After a week of dedicated work, I am excited to present the initial prototype of what I hope will evolve into a module and plugin for the standard jME build system. At this stage, since it requires ongoing patches to the engine that are pending in my pull requests, the best I can offer is a link to a forked version of jMonkeyEngine that includes all necessary patches and introduces the new jme3-web module.
|rendering||OK||Ported to WebGL 2 (GL ES 3)|
|audio||OK||Ported to WebAudio (limited environment support (the predefined environments) via public domain impulses from http://reverbjs.org/)|
|joystick input||NOT SUPPORTED|
|jme3-jbullet||OK||ported to Ammo.js (bullet emscripten build)|
|jme3-testdata||PARTIAL||some assets are not supported (See Supported Assets )|
|jme3-awt-dialogs||NOT SUPPORTED||Needs to be ported to html|
|jme3-networks||NOT SUPPORTED||Needs websocket connector|
The current implementation offers support for a subset of available asset loaders. For a complete list, refer to jme3-web/src/main/resources/Web.cfg. If you wish to add more asset loaders along with their supported extensions, edit Web.cfg and make sure the teavm optimization preserves their classes by adding them to
classesToPreserve in jme3-web/build.gradle.
Testing, developing, or porting applications to this fork, while slightly cumbersome, is relatively straightforward.
To begin, clone the source code repository.
Once you’ve cloned the repository and opened it in your preferred code editor, navigate to jme3-web/src/main/java/com/jme3/web/WebApp.java. This file contains the
main() method, which serves as the entry point. Create and initiate your simple application from this point, as you would typically.
For any reflection usage outside the standard jME practices (already covered), include the relevant classes in the whitelist within jme3-web/src/main/java/com/jme3/web/jvm/TeaReflectionSupplier.java.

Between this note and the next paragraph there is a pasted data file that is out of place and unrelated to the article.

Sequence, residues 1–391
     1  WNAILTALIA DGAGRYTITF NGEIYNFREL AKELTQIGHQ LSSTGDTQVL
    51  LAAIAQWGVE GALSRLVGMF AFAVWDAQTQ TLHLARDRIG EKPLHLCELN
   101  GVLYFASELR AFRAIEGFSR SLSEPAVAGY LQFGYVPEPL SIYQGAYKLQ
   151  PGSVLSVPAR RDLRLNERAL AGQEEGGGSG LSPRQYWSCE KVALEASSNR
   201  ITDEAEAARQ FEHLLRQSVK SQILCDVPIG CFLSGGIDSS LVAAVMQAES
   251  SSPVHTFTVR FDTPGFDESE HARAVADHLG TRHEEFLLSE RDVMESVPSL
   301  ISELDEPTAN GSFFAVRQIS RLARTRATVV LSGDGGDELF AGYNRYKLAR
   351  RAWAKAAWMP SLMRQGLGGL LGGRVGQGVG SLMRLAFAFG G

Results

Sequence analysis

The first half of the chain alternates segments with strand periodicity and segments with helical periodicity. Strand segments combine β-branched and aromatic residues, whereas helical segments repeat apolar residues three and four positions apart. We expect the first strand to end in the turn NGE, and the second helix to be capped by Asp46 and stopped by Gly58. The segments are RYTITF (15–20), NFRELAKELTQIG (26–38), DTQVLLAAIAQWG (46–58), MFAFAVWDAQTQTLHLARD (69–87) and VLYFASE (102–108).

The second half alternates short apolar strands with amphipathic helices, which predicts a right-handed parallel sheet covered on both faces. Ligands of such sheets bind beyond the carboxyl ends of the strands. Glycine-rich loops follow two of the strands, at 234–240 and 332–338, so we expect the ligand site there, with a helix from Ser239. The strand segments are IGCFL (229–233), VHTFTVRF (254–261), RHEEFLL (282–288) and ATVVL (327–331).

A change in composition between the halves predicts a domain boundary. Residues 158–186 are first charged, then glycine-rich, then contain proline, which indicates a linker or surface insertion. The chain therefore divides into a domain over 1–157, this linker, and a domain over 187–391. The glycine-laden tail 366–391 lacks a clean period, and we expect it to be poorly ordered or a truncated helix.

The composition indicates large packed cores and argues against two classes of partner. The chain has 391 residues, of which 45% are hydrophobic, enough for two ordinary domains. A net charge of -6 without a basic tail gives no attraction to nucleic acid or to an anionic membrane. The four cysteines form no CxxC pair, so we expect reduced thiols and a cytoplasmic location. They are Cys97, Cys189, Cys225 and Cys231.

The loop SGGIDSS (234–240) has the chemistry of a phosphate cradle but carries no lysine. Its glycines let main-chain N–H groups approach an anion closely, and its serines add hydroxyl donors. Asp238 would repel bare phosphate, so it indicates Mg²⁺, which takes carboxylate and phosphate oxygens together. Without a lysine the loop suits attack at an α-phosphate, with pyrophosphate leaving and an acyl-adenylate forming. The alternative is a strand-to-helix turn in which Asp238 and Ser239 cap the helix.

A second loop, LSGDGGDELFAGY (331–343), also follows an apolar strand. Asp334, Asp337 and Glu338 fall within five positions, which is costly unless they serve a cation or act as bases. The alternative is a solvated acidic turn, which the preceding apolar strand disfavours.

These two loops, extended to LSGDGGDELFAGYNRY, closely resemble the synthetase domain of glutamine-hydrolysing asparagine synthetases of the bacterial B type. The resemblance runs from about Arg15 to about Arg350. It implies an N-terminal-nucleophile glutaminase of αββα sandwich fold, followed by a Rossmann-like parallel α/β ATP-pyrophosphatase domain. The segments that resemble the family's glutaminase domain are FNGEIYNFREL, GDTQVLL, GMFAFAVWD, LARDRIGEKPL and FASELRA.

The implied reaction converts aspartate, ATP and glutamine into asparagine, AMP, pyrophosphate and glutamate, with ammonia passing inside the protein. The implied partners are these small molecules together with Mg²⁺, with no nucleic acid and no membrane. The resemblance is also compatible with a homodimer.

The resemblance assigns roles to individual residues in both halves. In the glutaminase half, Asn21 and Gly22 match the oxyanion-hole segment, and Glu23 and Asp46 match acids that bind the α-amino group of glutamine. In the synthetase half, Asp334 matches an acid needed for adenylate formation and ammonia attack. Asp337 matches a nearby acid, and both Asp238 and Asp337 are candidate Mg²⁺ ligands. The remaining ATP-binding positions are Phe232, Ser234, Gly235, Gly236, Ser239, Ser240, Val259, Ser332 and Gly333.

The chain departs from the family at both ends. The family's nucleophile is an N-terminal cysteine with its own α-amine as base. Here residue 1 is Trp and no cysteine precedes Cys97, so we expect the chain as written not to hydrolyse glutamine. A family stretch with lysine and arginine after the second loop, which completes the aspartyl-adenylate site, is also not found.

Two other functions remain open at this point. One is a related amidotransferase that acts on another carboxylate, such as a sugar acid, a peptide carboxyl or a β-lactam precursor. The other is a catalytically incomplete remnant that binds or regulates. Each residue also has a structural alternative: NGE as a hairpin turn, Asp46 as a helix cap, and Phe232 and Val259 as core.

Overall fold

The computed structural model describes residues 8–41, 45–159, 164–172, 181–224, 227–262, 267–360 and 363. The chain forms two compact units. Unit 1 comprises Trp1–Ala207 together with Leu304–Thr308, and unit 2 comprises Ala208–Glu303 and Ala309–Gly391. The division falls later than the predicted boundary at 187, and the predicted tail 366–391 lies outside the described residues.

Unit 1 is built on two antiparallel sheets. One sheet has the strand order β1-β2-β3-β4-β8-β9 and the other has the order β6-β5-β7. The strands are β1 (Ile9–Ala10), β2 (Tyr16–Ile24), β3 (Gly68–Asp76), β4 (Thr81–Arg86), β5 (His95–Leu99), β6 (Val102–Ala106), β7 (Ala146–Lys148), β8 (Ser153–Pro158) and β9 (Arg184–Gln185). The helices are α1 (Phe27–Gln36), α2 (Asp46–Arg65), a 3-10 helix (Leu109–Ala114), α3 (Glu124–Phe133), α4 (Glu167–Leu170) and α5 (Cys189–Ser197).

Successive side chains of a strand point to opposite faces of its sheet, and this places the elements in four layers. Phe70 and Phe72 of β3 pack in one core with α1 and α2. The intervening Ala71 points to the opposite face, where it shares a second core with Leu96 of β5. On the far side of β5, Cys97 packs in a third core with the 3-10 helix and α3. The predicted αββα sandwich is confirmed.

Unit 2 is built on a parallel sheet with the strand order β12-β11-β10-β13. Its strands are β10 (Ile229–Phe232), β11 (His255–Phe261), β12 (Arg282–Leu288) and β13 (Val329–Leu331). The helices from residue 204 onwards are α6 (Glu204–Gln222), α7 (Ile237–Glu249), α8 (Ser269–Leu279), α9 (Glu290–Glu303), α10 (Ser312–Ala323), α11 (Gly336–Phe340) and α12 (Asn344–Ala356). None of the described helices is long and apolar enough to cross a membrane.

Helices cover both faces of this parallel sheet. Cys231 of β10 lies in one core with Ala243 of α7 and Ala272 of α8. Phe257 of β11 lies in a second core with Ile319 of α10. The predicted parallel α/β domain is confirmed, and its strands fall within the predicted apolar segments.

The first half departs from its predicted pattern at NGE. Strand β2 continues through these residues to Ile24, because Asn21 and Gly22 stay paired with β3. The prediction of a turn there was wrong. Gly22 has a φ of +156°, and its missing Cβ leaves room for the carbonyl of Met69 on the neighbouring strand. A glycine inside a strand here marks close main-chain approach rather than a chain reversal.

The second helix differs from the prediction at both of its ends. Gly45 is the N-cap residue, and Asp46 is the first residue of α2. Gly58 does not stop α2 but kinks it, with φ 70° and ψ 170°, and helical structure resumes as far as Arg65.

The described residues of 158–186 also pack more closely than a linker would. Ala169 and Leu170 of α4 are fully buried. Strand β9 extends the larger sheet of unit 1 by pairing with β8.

This step ensures that TeaVM generates the necessary supporting methods.
If your application requires additional assets, place them in the jme3-web/src/main/resources directory.
Given that all resources are fetched via HTTP, loading assets comes with added latency. If your application depends on loading substantial resources on demand, consider downloading them automatically before launching the app. While this feature is supported by jme3-web, it’s disabled by default. To enable it, specify one or more regex patterns in jme3-web/src/main/resources/resourcesPrefetchFilters.txt (one per line) to match the paths of resources you wish to prefetch (e.g.,
.+ to prefetch all resources). Before the application starts, the resource loader will download the matched resources, which will be stored in the browser cache using the virtual filesystem API. Note that this action only downloads resources and doesn’t load them into VRAM. To load them into VRAM, use
assetManager.preload() as usual.
Once everything is set up, compile using the following commands:
(Note: In my testing, omitting
--no-daemon led to partially cached builds and improper compilation.)
Keep in mind that some HTML5 APIs require a secure context. To test your application, host the files on an HTTPS server or a local server bound to
For Linux users, you can run:
busybox httpd -f -p8080 -h jme3-web/build/generated/teavm/js/
and then connect to http://localhost:8080 with your favorite browser.
The latest demo (11):
- preload renamed to prefetch ( resourcesPreloadFilters → resourcesPrefetchFilters) for more clarity
- updated demo
- fix audio issues, use patched j-ogg Fix context leaking and hangs on invalid packet. by riccardobl · Pull Request #5 · stephengold/j-ogg-all · GitHub
- fix accuracy issues and format in texture sampling
- implement basic audio environments support
- remove unreliable prefetch support, leave it to the browser caching and server policies.
- add test instancing
- updated demo (11)